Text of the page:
It's 1883. Thaniel Steepleton returns home to his tiny London apartment to find a gold pocket watch on his pillow. Six months later the mysterious timepiece saves his life, drawing him away from a blast that destroys Scotland Yard. At last he goes in search of its maker, Keita Mori, a kind, lonely immigrant from Japan. Although Mori seems harmless, a chain of unexplainable events soon suggests he must be hiding something. When Grace Carrow, an Oxford physicist, unwittingly interferes, Thaniel is torn between opposing loyalties. The Watchmaker of Filigree Street is a sweeping, atmospheric narrative that takes the listener on an unexpected journey through Victorian London, Japan as its civil war crumbles longstanding traditions, and beyond. Blending historical events with dazzling flights of fancy, it opens doors to a strange and magical past.
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There is so much going on in this book that it’s hard to isolate just a few things I liked. I’ll talk about a couple here, but there are so many great parts in this book.
The Watchmaker of Filigree Street sets a touching love story against a historic time of social and political unrest — Irish terrorists are bombing London in protest of British rule; women in England and other parts of the world are dissatisfied with their inability to vote and restricted independence; and Japan’s feudal and agrarian society is fighting a losing battle against the influence of Western culture and technology. After doing a little web surfing, I discovered that a lot of the history relayed in the book is accurate, including the bombings that are central to the story. I find historical fiction much more impressive when it can deliver a mostly-accurate history lesson at the same time it’s entertaining.
Another part of this story I appreciated was the subtle descriptions of what true love really looks like. In one part of the story, Mori encourages Thaniel, who has synesthesia, to draw and paint when he sees when he listens to music. Mori insists on hanging the drawings on the wall, even though Thaniel believes they are worthless. Mori describes Thaniel’s drawings as much more interesting than the paintings he just bought by that depressed Dutchmen (referring to, I’m assuming, Van Gogh).
In another part of the book, when Mori visits Grace and Thaniel’s new home, he is obviously unhappy that the music room is unfinished and there is no piano, though Grace’s laboratory in the basement is completely finished. Later, the reader learns that Mori sees Thaniel as a pianist while Grace sees him as an ordinary man who occasionally plays the piano. This makes a difference to Thaniel and affects his future choices. These are subtle parts of the story, but they say quite a lot about the relationships between the characters.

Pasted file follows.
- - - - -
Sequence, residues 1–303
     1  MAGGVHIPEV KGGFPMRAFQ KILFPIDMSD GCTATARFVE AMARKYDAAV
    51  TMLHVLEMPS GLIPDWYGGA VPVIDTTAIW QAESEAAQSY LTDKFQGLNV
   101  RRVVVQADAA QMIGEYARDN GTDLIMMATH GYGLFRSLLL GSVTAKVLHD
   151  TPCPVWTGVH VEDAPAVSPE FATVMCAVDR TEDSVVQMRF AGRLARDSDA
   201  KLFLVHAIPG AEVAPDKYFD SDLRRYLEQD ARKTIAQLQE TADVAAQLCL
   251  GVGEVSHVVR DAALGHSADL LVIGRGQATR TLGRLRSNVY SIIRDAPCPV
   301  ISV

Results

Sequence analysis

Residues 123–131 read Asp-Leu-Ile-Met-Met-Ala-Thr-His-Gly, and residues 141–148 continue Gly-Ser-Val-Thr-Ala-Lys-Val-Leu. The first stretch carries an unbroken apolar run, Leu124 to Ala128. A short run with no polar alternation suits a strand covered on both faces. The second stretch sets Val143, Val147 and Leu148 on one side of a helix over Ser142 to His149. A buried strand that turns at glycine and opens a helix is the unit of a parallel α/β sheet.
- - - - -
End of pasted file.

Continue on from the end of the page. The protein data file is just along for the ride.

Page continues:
The narrator, Thomas Judd, did a great job with the voices. As I was listening, I didn’t think there was a lot of obvious variations in voice; but in hindsight, I never had any trouble distinguishing between characters. In particular, Thaniel’s, Mori’s, and Grace’s voices were perfect for their characters.
There is also the sock-stealing clockwork octopus, the cheeky workhouse orphan, the way clairvoyance is imagined, the wide range of diversity in the story, and the scientific cleverness displayed at the end. I can’t say more without giving too much away, but you’ll know what I mean when you read it. :)
This is just a fraction of what is so fascinating about The Watchmaker of Filigree Street. There are layers and layers of personal and social commentary in this book that, though presented in a historical setting, are so appropriate for today’s culture.
Really there isn’t much about this story I didn’t like. I only want to note that it is a slow, quiet story. For some people, slow and quiet stories can be hard to read and even harder to hear. Even though I thoroughly enjoyed this story, I found my attention wandering at times. But if you like the slow and quiet story, then give this book a try. It’s pretty impressive.
Copy provided by author/publisher in exchange for an honest review. Review courtesy of One Book Two book review blog.
The book starts off slowly and I found myself put it aside from time to time. But it gradually built to a great pace and narrative, with a surprising ending that was delightful and touching. Worth sticking through to the end.